LENA (Language ENvironment Analysis) is a national nonprofit on a mission to transform children's futures through early talk technology and data-driven programs. LENA works with a wide range of partner organizations to boost early brain development and improve kindergarten readiness for infants, toddlers, and preschoolers.
Since 2019, LENA has served 650 children and 110 early childhood educators in North Carolina, and LENA technology has recorded over 810,000 conversational turns. Put your community on the map!
offers evidence-based professional development for infant, toddler, and preschool teachers.
⬤ LENA Start builds school readiness and strengthens families with parent-group classes.
⬤ LENA SP offers reliable, detailed language environment data in research and clinical applications.
LENA also has crosswalks with Head Start, CLASS, The Pyramid Model, ZERO TO THREE, and more!
LENA is scaling quickly and has a goal to impact over 100,000 children annually worldwide by 2025. Whether you're with a library, school district, CCR&R, state agency, university-community partnership, public health initiative, or any other organization interested in improving early childhood outcomes, we invite you to learn more about bringing LENA to your community.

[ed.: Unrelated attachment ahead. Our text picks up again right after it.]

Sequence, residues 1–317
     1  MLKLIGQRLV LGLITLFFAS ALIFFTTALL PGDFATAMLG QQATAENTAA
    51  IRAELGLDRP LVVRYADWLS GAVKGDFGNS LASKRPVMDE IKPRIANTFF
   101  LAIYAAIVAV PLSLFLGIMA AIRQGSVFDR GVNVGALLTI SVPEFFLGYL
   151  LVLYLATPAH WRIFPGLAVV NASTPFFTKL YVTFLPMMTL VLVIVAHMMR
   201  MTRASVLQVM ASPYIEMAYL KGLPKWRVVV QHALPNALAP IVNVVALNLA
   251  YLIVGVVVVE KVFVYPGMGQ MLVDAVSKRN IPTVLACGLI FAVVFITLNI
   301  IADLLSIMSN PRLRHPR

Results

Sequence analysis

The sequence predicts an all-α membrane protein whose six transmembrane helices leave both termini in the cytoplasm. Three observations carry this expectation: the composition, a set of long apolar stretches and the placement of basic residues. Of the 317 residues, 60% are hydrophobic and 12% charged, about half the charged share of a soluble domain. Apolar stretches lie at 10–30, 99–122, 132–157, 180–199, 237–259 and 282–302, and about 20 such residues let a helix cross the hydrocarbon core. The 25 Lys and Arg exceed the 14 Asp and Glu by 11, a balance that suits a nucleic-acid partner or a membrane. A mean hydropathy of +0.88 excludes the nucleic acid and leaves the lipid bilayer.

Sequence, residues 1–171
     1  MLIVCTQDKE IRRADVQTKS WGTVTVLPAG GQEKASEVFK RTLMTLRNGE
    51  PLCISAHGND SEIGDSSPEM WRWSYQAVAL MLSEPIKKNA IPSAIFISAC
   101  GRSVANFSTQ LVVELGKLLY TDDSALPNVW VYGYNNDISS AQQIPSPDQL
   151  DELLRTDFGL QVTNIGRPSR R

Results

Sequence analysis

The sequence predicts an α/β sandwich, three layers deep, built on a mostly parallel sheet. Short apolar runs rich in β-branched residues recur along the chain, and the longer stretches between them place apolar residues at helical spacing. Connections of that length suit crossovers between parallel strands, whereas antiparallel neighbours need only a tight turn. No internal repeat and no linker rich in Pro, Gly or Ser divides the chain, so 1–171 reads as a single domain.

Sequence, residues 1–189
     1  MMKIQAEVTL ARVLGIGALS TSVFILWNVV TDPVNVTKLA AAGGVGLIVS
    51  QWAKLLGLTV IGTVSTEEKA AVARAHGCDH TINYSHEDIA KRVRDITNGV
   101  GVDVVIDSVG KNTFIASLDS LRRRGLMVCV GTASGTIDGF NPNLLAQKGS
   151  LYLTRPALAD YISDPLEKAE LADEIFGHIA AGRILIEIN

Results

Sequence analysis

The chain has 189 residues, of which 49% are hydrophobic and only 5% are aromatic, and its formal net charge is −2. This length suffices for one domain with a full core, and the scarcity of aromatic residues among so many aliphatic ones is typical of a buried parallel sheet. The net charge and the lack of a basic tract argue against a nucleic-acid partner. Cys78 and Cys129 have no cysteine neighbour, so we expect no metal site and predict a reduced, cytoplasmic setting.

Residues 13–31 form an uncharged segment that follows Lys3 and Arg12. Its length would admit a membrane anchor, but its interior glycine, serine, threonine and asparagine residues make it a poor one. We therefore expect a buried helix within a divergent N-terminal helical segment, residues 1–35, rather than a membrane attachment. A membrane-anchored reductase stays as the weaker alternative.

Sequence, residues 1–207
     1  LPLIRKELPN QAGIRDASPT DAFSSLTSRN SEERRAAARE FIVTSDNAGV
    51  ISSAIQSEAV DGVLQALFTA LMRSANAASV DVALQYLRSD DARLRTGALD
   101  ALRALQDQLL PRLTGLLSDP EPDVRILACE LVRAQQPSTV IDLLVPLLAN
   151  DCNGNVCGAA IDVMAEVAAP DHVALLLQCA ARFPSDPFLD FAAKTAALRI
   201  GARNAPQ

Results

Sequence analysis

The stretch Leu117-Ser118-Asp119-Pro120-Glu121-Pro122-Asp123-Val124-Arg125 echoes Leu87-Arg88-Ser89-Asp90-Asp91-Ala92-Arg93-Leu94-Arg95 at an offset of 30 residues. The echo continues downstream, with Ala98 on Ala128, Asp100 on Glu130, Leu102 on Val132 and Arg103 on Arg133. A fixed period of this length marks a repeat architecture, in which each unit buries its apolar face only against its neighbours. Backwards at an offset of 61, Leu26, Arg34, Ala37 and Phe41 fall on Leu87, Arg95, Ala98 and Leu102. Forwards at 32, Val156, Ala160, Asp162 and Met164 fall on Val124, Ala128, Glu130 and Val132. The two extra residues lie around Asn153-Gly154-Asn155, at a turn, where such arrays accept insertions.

Director of Partnerships and Growth
Read these and other stories about partner success stories and research findings in North Carolina and beyond.
Approximately one in four children experiences very little adult-child interaction, even within classrooms at centers that have achieved the highest QRIS rating possible.
LENA Grow is designed to make every interaction count in early childhood education. The new enhancements make it easy, inclusive, and equitable.
Highlights from a webinar where we hear directly from a teacher, coach, and administrator using LENA Grow.
Learn how library systems have reconceptualized early learning in their communities and how they’ve incorporated LENA Start into their visions as early learning innovators.
Many previous studies have drawn connections between the quantity of back-and-forth interactions in early childhood and later linguistic and cognitive skills. Importantly, newly published research conducted in Chile has taken a novel direction, determining that infants’ language environments predict their socioemotional skills one year later.
While we’ve long known about the importance of early adult-child interactions, a research focus on children’s language experiences in child care classrooms has been long overdue.